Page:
Back in 2019, Glenn Johnston, then a Director at Transport NSW, was working on the company’s Reconciliation Action Plan (RAP). A proud Dharug man, Glenn was also looking for an opportunity to develop his individual leadership skills, while influencing how the organisation developed and nurtured Indigenous talent.

"I wanted to have some sort of cultural reference and insights in the learning," he explains. “Then I was having a yarn with a fellow Aboriginal colleague at Transport, and he mentioned the Emerging Indigenous Leadership Program (EIELP) at AGSM.”

Developed by Professor Mark Rose, EIELP Executive Director, in collaboration with Reconciliation Australia and the Elevate RAP Working Group and AGSM @ UNSW Business School, the internationally award-winning AGSM EIELP program provides executive level leadership development to the next generation of Aboriginal and Torres Strait Islander leaders.

With a unique course structure that is made up of a series of learning and career development experiences and supportive networks, Professor Rose also works with each of the cohorts to strengthen the connection to their individual ‘Ancestral Mandate’. This makes for a culturally safe environment for the free and frank exchange of traditional and contemporary knowledge.

According to Glenn, the way the course contains and recognises both Aboriginal and Torres Strait Islander and western knowledge systems, while being culturally aligned to Aboriginal and Torres Strait Islander thinking, was key to why he found it so valuable. He says this provided a level of comfort and cultural safety to both mature and aspiring Indigenous leaders on the course.

“We were given a yarning circle, people were allowed to talk about their stories,” he says. “Over the course of a year I saw others mature into the aspiring Indigenous leaders that we were seeking. Ones who had previously been shy, reserved and unsure, now blossomed.”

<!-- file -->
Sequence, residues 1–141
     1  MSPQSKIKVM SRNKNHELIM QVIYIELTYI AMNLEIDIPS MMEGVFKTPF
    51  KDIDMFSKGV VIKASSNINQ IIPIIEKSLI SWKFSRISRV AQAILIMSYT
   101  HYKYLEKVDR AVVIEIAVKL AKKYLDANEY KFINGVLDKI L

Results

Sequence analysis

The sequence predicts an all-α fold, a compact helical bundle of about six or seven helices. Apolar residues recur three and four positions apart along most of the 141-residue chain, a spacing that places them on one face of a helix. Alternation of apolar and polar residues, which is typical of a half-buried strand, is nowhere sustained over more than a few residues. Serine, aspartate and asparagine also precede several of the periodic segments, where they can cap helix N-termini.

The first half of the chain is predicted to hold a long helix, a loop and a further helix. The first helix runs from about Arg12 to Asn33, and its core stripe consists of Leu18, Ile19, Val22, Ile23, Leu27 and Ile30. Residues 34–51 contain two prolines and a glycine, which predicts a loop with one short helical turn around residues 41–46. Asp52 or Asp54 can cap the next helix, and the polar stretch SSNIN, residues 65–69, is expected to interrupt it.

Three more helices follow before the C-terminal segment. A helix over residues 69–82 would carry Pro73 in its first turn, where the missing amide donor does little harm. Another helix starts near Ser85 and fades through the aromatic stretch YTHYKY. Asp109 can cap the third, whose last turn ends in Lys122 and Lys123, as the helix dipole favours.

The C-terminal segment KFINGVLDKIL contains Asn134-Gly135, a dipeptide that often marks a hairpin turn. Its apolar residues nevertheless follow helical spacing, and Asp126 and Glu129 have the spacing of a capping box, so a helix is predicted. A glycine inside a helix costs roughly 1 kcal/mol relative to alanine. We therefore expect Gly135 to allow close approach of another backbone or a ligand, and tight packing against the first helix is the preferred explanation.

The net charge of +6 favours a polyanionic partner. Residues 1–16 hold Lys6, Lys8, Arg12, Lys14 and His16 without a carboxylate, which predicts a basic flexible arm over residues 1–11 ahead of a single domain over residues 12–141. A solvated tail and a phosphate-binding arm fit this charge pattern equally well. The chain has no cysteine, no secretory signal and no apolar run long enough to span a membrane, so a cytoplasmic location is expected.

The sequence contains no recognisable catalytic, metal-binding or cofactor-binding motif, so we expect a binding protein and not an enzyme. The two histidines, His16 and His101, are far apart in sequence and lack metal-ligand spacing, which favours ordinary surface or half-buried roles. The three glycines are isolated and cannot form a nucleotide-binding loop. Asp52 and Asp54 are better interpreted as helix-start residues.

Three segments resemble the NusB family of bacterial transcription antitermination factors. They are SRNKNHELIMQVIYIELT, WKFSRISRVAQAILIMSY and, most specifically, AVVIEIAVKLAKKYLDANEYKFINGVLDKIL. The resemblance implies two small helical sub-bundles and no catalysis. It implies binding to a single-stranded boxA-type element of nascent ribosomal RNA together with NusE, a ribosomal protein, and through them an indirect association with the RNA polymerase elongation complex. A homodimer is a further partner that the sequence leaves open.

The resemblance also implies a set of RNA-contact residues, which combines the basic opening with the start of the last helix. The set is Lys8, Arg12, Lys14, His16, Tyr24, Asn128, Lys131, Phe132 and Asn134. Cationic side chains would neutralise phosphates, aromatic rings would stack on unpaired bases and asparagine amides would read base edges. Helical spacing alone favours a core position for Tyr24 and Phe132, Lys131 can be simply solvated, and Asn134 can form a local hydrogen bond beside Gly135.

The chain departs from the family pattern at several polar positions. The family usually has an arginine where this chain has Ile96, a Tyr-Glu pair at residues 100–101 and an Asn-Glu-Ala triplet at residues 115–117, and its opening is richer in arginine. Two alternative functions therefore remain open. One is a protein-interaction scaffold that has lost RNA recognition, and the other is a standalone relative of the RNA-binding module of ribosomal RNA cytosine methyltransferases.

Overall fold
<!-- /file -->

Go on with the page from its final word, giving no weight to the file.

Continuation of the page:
Now a Director at Infrastructure NSW and AGSM EIELP graduate, Glenn says there were moments of unexpected insight, strength, and connection in the excursions the cohort took. For example, the cohort visited Fitzroy, Melbourne, with Professor Mark Rose leading a discussion on the area’s Aboriginal history.

“Walking the lanes helped cement what we were already doing in Sydney, where we were based,” explains Glenn. “The cohort had representatives from every state and territory, but it didn’t matter where we were from. The journey and the history was the same.”

Launched in 2016, over 124 Indigenous leaders from the private, public, and for-purpose sectors have graduated from EIELP. AGSM collaborates with organisations like KPMG and Services Australia (just two of its Elevate RAP partners) to raise awareness of its program among aspiring Indigenous leaders.

Applications are now open for the 2022 program, and Eva Freedman, AGSM EIELP Program Director, says the organisers are hoping to bring other organisations onboard.

“If you’re a company, revisit your Reconciliation Action Plan and consider how you could support your Indigenous staff with further leadership development," Eva says. “If you have scope to support this, investing in Indigenous leadership is essential.”

“If you are an individual looking to make the next big step, or to progress to senior leadership roles, present it to your manager or key stakeholders at work, and ask how they can support you to do this. Alternatively, you can reach out to us here at AGSM.”

Glenn, who is also an Adjunct Lecturer at AGSM, and sits on the boards of three Aboriginal organisations, also encourages others to apply.

“It helps take us on this journey of walking in two worlds and having a really strong appreciation of that. Coupled together it makes us much stronger, well-rounded leaders.”

To find out information on AGSM’s Emerging Indigenous Leadership Program (EIELP), click here:

Or email Mary Jones at Deadline to apply is 1 April 2022.

Originally publish in Koori Mail, 23 February. Republished with permission.